Author: Lucy Hounson
Rating: 1 out of 5 stars
Did Not Finish (DNF) @ 54%
The best way to describe this book is that it is a hot mess. It goes from a possible dystopian fantasy, to a possible quest based fantasy, to (what it actually is) epic fantasy.
Now maybe you're thinking, ohhh that sounds elaborate and I love elaborate. So do I. Except that when you build a new elaborate world you absolutely MUST build characters alongside it that your readers are dying to read about. At no time did I ever feel like I was drawn into this world or was excited about reading more of it. In fact it was the opposite, I dreaded picking it up.
There are three major mistakes made in Starborn:
1) Very poor characterizations. I did not hate our lead girl but I certainly didn't like her. The two travelling companions that she goes with could have been super mysterious and interesting, but instead they had stilted dialogue and just no chemistry with each other or our lead gal.
2) Plot. You must make me want to keep reading. This (generally) requires plot. There needs to be something drawing us into the story that is moving it forwards. Instead in Starborn things happen that are random, make no sense and seem to happen because it's convenient. A huge pet peeve of mine is when there is no flow to the story and things seem to happen because the author needed them to happen instead of them fitting into the story and plot.
3) Writing. While the last couple chapters I read actually had some good writing and dialogue going on; during the first 45% of Starborn it feels like Lucy Hounsom is finding her writing style and therefore it's all over the place (a hot mess). I'm shocked that TOR didn't work on this more and allowed it to be published as is.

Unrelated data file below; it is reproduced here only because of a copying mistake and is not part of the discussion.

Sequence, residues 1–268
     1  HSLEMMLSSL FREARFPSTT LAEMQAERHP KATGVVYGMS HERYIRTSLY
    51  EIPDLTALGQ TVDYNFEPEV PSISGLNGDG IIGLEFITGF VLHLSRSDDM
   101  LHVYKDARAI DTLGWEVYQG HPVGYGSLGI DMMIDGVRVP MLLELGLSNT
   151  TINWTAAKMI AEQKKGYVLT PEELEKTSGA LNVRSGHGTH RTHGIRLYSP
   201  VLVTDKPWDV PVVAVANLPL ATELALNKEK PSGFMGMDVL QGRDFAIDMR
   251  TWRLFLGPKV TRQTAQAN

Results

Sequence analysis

Now I know what you're thinking, but Mel if you stopped reading just as the writing was improving how do you the rest of the book isn't great?
The thing is I just don't care. Our lead gal is inconsistent and does things not because they fit her as a character but because they need to happen. Random people show up with no real purpose or semblance of reason. The world building is just strange (ancient superstition, magic, tribal living, then airships, large cities, etc); it's like Hounson couldn't decide what kind of world she was building so she threw everything into it. I could go on but let's face it I'm just repeating myself.
Maybe if this book had started at the 40% with a short prologue or flashbacks to tell the first 40% of the story in a quick fashion I would have felt differently. But I just wasn't willing to force myself to pick this book up and pretend to care any longer than the 54% I read.
Please note: I received an eARC of this book from the publisher via NetGalley. This is an honest and unbiased review.